By: Sarah White
I recently found myself missing the many aspects of Assassin’s Creed that made me fall in love with the game–particularly Assassin’s Creed II. I went to my friendly neighborhood EB Games and picked up Assassin’s Creed Unity for under $20, so even if the game wasn’t great it was probably a good source of entertainment for $20. I wasn’t more than an hour into the game and I found myself very annoyed for a multitude of reasons. First of all, I found the free running controls very uncomfortable and choppy, there was nothing seamless about it even though earlier games had it nailed down. But this isn’t a review of Assassin’s Creed Unity.
There has been something substantial lacking from the series after the Ezio trilogy – Assassins Creed II, Brotherhood and Revelations, and even the later installments of that trilogy in my mind were lacking the fundamentals that made their predecessor so great. Don’t get me wrong, I enjoyed all three games and even Assassin’s Creed III and what I’ve played so far of Unity, but there is something that just doesn’t sit with me right with this series anymore. Let’s start from the beginning.
With the release of Assassin’s Creed, the first installment in this ever growing series which seems as though it will never end, promised a new twist to modern day gaming as well as an original plot and movement system. Not many games dealt with this “parkour” or “free-running” style of open world exploration before the series introduced it. However, the game fell short with its redundant gameplay and blandness. The early time period, the late 1100s, caused many in game locations to look strikingly similar and dull—it was just a lot of beige. Seriously, so much beige. To be honest, the receptiveness of the missions stopped me from actually finishing the game but rather to settle for the Wikipedia summary before moving on to the sequel.
Assassin’s Creed II delivered everything that the first installment could not. I love this game; it was probably the first game that I attempted to 100% complete. This storyline was riveting – the provided background story for Ezio Auditore da Firenze set him up to be a wonderfully dynamic character that was full of humour and general badassery, who we get to follow through his journey of trying to avenge his family. The missions held true to what the original game was trying to accomplish with the numerous stealth missions, which were innovative and fun and seemed to fix the redundancy issues that the first game had with them. The scenery, setting and time period set for this game was nothing short of perfect.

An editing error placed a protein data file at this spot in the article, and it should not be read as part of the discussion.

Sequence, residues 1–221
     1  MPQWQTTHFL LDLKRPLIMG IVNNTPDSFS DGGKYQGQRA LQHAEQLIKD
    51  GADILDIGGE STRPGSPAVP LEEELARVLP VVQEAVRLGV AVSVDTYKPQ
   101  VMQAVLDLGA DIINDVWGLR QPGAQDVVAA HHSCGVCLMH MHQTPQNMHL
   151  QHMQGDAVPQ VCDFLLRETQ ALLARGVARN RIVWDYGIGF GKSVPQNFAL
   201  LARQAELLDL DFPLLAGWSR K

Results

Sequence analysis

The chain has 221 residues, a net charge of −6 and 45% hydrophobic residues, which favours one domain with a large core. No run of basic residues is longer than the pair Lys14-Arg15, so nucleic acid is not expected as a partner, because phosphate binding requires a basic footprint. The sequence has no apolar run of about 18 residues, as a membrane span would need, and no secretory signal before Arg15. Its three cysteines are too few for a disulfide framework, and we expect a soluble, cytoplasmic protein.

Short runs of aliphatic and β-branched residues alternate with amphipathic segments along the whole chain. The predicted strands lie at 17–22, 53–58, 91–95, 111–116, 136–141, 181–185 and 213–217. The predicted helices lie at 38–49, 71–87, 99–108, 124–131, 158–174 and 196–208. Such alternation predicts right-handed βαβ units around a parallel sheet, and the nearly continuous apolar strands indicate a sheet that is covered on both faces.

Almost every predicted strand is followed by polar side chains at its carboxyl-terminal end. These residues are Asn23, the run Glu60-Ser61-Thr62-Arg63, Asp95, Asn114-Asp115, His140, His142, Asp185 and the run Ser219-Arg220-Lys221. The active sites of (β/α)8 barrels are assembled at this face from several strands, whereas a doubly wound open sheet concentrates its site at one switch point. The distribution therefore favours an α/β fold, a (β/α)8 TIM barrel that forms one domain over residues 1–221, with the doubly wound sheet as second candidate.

Now here is where the problems with the series started to arise for me – first of all the fact that they chose not to leave Assassin’s Creed II as a standalone game. I understand why they continued Ezio’s story, money – obviously. But I felt as I played through Brotherhood and Revelations it ruined many of the aspects of the character I had grown to love. They were fun games, even if they were a cash grab, but they were both very unnecessary. Brotherhood seemed like the exact same game as Assassin’s Creed II with a lack luster plot, while Revelations tried to focus on more of Ezio’s character development even if he was pushing 60 and really shouldn’t have been running around like a spry 20-year-old assassin. Somewhere between these two games the science fantasy element of the series regarding the Pieces of Eden seemed a bit… much. The way they handled it in the first two games was tasteful, but in these installments it was relied on too heavily and for me, it took away from the core aspect of the game.
With the third game, Assassin’s Creed III as well as Assassin’s Creed Unity, my first and probably biggest drawback was the time period they chose. The American and French Revolutions seemed like a far stretch and unusual time period for games that were previously set in the 12th and 15th century – probably because the later games in the series dealt with the addition of firearms which to me, do not belong in an Assassin’s Creed game. Regardless of this, after Assassin’s Creed 3 where Desmond’s story finishes, the games all blurred together for me as they became continually more disconnected from the first game.
The games are no longer providing anything or enhancing the original storyline set in place by the first four games. They are now just games that follow the same recipe – free running and hidden blades. In my opinion, regardless of how much I enjoy playing Unity, the game developers should have taken a step back after Assassin’s Creed III to find a good closure for the series and quit while they were ahead. Again, I understand why they didn’t do this it always comes back to money.
With every new game they release, for me it feels like they are taking away from the core fundamentals of the series. This makes me really sad because I used to really enjoy this series. I will probably continue to play Assassin’s Creed games in the future but they won’t be the same as they used to be. Sometimes I hate to love these games and other times I love to hate them.